football to devote full time to his
athletic director duties in 1964.
Coleman brings a 33-7 record
into his fifth year as Bulldog
coach.
He coached Fresno State to an
unbeaten season in 1961 that was
called by a 36-6 victory over Bowl-
ing Green in the Mercy Bowl.
* * *
Harris After Second
DES MOINES-Meticulous Lab-
ron Harris, ignoring the soggy go-
ing, moved closer to a second
straight United States Amateur
golf title yesterday with a sub-
par effort few of his rivals could
match.
With the bill of his rarely-used
cap pulled down to keep the rain
and mist off his spectacles, the
hu>ky 21-year-r' Oklahoma State

University matematics s t u d e n
sloshed over Wakonda's hills a
narrow fairways for a 6 and
verdict over John McKey of Or
lando, Fla.
That put the f ending cham-
pion into the first of today's two
18-hole rounds along with 63'
other shotmakers.
* * *
In and Out
ROCHESTER, N.Y.--An appeals
court reserved decision yesterday
on a request by convicted basket-
ball briber Jack Molinas for a
stay of extradition to North Caro-
lina. The southern state has
charged him with basketball fix-I
ing.
The former Columbia University
and pro star asked for the stay
f r o m the Appellate Division,
Fourth Department, of the State
Supreme Court.
Molinas was convicted of brib-
ery in New York last Feb. 11 in
the recent college basketball scan-
dals and was sentenced to 10 to 15
years in prison.
He was released from Attica
State Prison on bail, April 11 on
a certificate of reasonable doubt.
He then was served with a war-
rant, issued in Raleigh, N.C.,
accusing him of attempting to fix
a 1959 basketball game between
North Carolina State and Wake
Forest.

Willie played in the 1903 histor-
ic 6-6 tie with Minnesota from
which grew the hallowed "Little
Brown Jug" rivalry.
So enraptured were Minnesota's
"Giants of the North'' over hold-
ing Michigan to the tie that they
swiped the Wolverines' water jug
from the visitors' bench.
The jug then became the tra-
ditional prize of the winner of that
game each year.

N
1

SPORTS SHORTS:
Giants Set New Record:
Most Alous in an Inning

PERRY PUT ON WAIVERS:

Veterans Fall in Final NFL Cutdown

AMERICAN LEAGUE

New York
Chicago
Minnesota
Baltimore
Detroit
x-Boston
Cleveland
Kansas City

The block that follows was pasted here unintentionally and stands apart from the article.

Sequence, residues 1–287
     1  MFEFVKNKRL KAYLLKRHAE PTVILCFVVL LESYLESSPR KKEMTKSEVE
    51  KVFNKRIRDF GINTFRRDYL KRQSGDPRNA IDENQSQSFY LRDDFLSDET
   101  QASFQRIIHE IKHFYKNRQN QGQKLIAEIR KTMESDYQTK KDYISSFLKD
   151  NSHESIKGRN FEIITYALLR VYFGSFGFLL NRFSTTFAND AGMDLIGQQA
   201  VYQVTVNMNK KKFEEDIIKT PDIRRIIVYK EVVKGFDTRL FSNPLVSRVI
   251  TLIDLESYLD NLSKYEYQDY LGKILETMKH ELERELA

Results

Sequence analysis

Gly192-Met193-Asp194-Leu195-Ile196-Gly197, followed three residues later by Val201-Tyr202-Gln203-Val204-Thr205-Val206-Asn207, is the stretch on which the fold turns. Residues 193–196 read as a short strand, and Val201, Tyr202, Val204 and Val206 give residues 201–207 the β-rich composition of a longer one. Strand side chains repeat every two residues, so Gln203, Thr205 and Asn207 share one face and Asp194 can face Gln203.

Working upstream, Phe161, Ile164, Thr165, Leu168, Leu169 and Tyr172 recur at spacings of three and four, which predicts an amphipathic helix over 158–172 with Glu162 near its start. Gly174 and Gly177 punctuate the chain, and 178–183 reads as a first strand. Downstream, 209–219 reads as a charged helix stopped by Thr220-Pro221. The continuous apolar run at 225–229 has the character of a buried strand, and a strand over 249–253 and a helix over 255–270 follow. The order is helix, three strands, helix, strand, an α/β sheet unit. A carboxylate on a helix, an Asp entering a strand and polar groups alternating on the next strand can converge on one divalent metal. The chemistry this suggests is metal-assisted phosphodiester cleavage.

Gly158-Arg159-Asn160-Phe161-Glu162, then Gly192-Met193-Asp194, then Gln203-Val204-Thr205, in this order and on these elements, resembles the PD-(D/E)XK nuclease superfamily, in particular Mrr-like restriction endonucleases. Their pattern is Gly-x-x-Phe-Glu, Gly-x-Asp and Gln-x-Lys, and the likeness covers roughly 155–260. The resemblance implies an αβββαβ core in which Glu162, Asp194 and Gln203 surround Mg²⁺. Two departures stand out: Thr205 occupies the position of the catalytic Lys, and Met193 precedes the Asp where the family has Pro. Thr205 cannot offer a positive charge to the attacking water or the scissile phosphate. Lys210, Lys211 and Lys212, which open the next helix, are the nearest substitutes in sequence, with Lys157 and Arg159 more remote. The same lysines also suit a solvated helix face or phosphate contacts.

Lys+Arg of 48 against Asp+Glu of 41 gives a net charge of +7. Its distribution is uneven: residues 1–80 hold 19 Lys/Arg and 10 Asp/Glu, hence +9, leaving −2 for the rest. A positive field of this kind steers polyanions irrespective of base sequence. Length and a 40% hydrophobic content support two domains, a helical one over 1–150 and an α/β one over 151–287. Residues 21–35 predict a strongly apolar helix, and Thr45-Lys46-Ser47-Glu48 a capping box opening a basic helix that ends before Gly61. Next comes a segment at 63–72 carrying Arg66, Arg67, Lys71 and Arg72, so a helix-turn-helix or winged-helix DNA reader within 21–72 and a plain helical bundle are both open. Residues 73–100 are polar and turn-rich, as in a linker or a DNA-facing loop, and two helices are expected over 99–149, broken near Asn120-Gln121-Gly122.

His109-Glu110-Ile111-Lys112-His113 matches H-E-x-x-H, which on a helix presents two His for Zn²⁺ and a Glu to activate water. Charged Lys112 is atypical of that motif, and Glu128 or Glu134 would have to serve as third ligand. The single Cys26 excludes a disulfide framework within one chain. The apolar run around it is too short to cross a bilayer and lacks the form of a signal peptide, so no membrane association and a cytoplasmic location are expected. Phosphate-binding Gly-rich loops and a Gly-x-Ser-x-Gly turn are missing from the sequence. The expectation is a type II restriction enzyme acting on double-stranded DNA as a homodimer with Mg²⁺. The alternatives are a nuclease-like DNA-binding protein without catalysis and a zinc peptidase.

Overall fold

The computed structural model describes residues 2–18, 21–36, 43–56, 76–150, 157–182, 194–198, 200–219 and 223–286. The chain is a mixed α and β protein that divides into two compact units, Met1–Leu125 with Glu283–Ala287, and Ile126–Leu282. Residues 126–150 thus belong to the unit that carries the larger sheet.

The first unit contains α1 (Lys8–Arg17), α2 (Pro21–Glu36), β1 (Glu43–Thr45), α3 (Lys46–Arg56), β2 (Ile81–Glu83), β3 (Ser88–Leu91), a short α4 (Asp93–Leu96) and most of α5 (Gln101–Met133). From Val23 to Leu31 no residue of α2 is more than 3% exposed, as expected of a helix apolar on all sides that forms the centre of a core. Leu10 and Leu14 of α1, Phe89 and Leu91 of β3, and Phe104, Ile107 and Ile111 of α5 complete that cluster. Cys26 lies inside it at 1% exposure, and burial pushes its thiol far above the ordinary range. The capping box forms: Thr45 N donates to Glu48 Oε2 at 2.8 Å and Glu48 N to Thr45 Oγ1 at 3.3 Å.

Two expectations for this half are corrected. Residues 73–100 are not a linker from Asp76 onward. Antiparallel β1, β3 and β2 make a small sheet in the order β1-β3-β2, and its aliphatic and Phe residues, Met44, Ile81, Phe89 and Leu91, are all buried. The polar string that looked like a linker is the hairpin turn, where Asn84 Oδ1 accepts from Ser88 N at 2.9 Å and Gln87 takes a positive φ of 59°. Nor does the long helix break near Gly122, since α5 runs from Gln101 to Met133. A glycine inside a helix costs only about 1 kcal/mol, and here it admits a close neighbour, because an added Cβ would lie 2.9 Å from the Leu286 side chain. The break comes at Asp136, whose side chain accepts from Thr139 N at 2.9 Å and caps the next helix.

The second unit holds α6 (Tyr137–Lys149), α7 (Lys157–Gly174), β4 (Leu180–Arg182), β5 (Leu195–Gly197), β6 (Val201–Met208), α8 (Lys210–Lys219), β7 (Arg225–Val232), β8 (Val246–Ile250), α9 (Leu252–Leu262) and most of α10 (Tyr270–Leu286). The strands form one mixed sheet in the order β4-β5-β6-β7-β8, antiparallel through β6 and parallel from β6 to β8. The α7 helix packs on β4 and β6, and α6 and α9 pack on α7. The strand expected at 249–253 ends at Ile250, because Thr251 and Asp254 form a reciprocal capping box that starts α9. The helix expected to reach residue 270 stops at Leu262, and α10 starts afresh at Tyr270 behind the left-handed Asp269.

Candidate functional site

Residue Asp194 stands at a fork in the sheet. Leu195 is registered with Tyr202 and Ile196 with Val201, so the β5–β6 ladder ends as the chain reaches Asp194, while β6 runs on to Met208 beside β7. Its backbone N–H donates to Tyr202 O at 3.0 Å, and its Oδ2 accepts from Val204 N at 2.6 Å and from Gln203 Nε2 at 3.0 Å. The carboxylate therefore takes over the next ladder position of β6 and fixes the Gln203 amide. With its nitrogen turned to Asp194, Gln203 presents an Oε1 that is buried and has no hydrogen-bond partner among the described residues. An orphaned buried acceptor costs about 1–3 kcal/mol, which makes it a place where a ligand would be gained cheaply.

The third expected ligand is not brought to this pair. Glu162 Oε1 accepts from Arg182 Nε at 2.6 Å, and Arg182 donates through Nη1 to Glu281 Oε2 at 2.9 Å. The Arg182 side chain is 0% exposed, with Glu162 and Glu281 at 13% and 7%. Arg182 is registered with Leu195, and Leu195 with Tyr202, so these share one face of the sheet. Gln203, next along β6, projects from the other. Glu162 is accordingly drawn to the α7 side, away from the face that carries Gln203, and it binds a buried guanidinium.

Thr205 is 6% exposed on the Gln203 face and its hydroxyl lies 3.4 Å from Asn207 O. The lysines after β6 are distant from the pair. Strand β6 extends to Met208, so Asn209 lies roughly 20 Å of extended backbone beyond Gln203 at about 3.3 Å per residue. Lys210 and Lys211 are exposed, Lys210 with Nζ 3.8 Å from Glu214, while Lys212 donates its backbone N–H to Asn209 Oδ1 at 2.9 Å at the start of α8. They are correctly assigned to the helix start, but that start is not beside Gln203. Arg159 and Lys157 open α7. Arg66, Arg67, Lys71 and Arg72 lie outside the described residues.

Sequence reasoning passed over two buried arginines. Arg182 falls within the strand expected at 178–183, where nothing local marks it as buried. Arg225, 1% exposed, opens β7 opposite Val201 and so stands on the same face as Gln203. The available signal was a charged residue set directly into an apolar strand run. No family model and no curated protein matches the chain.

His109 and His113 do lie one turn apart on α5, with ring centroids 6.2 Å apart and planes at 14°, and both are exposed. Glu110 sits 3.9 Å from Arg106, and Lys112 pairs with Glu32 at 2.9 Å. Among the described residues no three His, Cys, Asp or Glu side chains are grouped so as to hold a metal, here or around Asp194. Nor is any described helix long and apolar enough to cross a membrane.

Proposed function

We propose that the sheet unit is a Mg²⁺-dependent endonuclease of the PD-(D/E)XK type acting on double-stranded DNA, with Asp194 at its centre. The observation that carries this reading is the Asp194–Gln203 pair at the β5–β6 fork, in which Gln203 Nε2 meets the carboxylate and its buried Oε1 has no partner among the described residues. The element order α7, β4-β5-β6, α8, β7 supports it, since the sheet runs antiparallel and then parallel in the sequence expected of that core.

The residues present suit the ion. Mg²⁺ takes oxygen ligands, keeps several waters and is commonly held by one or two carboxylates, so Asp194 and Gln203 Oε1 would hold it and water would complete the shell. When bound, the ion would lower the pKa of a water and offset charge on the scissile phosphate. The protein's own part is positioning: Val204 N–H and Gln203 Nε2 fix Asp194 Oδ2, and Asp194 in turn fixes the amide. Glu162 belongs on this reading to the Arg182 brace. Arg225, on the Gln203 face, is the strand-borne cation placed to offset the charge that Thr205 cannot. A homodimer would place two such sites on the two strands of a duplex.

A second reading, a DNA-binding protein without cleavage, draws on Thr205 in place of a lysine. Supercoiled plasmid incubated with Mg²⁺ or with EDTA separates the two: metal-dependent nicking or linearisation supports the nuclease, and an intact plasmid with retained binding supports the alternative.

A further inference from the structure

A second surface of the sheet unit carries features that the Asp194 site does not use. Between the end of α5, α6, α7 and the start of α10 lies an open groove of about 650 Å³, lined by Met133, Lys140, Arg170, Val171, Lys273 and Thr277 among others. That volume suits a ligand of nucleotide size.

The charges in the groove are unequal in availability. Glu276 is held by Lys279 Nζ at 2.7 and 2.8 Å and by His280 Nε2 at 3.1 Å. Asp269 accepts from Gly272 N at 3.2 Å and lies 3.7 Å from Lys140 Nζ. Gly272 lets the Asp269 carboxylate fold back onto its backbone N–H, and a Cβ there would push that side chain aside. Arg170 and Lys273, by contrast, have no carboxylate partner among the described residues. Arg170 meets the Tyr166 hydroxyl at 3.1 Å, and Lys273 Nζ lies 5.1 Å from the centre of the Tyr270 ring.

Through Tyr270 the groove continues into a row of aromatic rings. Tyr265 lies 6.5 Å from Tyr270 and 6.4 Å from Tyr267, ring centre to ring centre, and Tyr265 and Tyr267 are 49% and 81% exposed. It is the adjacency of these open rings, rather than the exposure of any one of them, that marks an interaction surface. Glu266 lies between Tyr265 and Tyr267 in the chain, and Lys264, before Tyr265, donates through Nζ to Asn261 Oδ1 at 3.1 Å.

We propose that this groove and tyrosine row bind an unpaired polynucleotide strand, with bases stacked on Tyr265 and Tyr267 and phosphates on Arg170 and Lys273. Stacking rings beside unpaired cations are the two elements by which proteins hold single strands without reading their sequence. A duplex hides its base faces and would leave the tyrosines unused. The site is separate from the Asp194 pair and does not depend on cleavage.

x-Los Angeles
Washington
x--Playing night

WV L
95 51
82 65
82 64
78 69
72 74
70 76
70 77
67 78
64 82
52 95
game.

Pet. GB
.651 -
.558 13/
.562 13
.530 171/z
.493 23
.470 25%,
.476 26
.462 271/2
,438 31x/2
.354 431f2

By The Associated Press
Old Joe Perry, who has run
more often and for more yardage
than anyone else in National Foot-
ball League history, got his walk-
ing papers yesterday.
The 36-year-old veteran of 15
professional seasons was placed
on waivers by the Baltimore Colts
as the league's teams made their
final mandatory cuts to 37-man
rosters for this weekend's opening'
day games.
Some other veterans involved in
last-day maneuvering included

long - time Canadian Fodtball
League quarterback Sammy Etch-
everry, signed by the San Fran-
cisco 49ers; place kicking special-
ist Jim Martin, traded by Detroit
to Baltimore; Philadelphia Eagle
tackle Jim McCusker, placed on
waivers; San Francisco guard
Mike Magac, placed on injured
waivers, and Dallas defensive
back Jerry Norton and fullback
Mal Hammack, placed on waivers.
Perry was the All-League full-
back in 1953 and 1954 when he led

the circuit in rushing. His NFL
career record, for 13 years, is
1,713 carriers in 144 ga'mes for 8,-
280 yards, an average of 4.83.
. Etcheverry, 33, played 11 sea-
sons with Montreal of the Cana-
dian League before going to St.
Louis. He was cut by the Cardinals
earlier this year.
To make room for him and to
reach the limit, the 49ers put Ma-
gac, a four-year man, along with
defensive halfback Jerry Mertens
on the injured list and asked waiv-
ers on two others.

YESTERDAY'S RESULTS
Kansas City 2, New York 0
Boston at Los Angeles (inc.)
Minnesota 5, Cleveland 4
Baltimore 2, Chicago 1
Washington 9, Detroit 0
Detroit 4, Washington 1
TODAY'S GAMES
Boston at Los Angeles (n)
New York at Kansas City (n)
Baltimore at Chicago (n)
Cleveland at Minnesota (n)
Detroit at Washington (n)
NATIONAL LEAGUE

5 - _________I 0000000000-

r

Los Angeles
St. Louis
Milwaukee
San Francisco
Philadelphia
Cincinnati
Chicago
Pittsburgh
Houston
New York

W
87
85
84
78
76
77
74
69
53
48

L
57
61
66
68
69
72
71
75
92
97

Pet. GB
.608 -
.572 3
.548 8
.538 91/2
.524 11 ,4
.517 12Y,4
.510 13Y24
.479 18
.366 34 ,4
.324 39Y2

CHRIS MURRAY
.. takes to the hills

YESTERDAY'S RESULTS
New York 4, San Francisco 2
Philadelphia 16, Houston 0
Los Angeles 4, Pittsburgh 2
Cincinnati 4, Milwaukee 3
Chicago 10, St. Louis 8
TODAY'S GAMES
Los Angeles at Pittsburgh (n)
Chicago at St. Louis (n)
Milwaukee at Cincinnati (n)
San Francisco at New York (n)
Houston at Philadelphia (n)
Distinctive
Haircutting
FOR PEOPLE WHO CAREI!
* 8 Hairstylists
r Air Conditioned
try
Dascola Barbers
near Michigan Theater

the track season cross country
would have to take a back seat.
"We have the European philos-
ophy towards cross country," Mar-
tin said. "They view cross country
as only a means of getting ready
for the track season.' g
I-M Officials
There Will be a meeting of all
men interested in officiating
I-M touch football at the In-
tramuralySports Bldg. at 5:00
Thursday.
To fill the squad Martin is
counting most heavily on the dis-
tance men, one milers and two
milers, with help from the half
milers.
More Prepared
"Naturally the longer distance
men are more mentally ready to
f

at
NEW STYLES FIRST AT WILD'S
MODERN ANSWERS TO THE
a-
CLAMU
FOR
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a.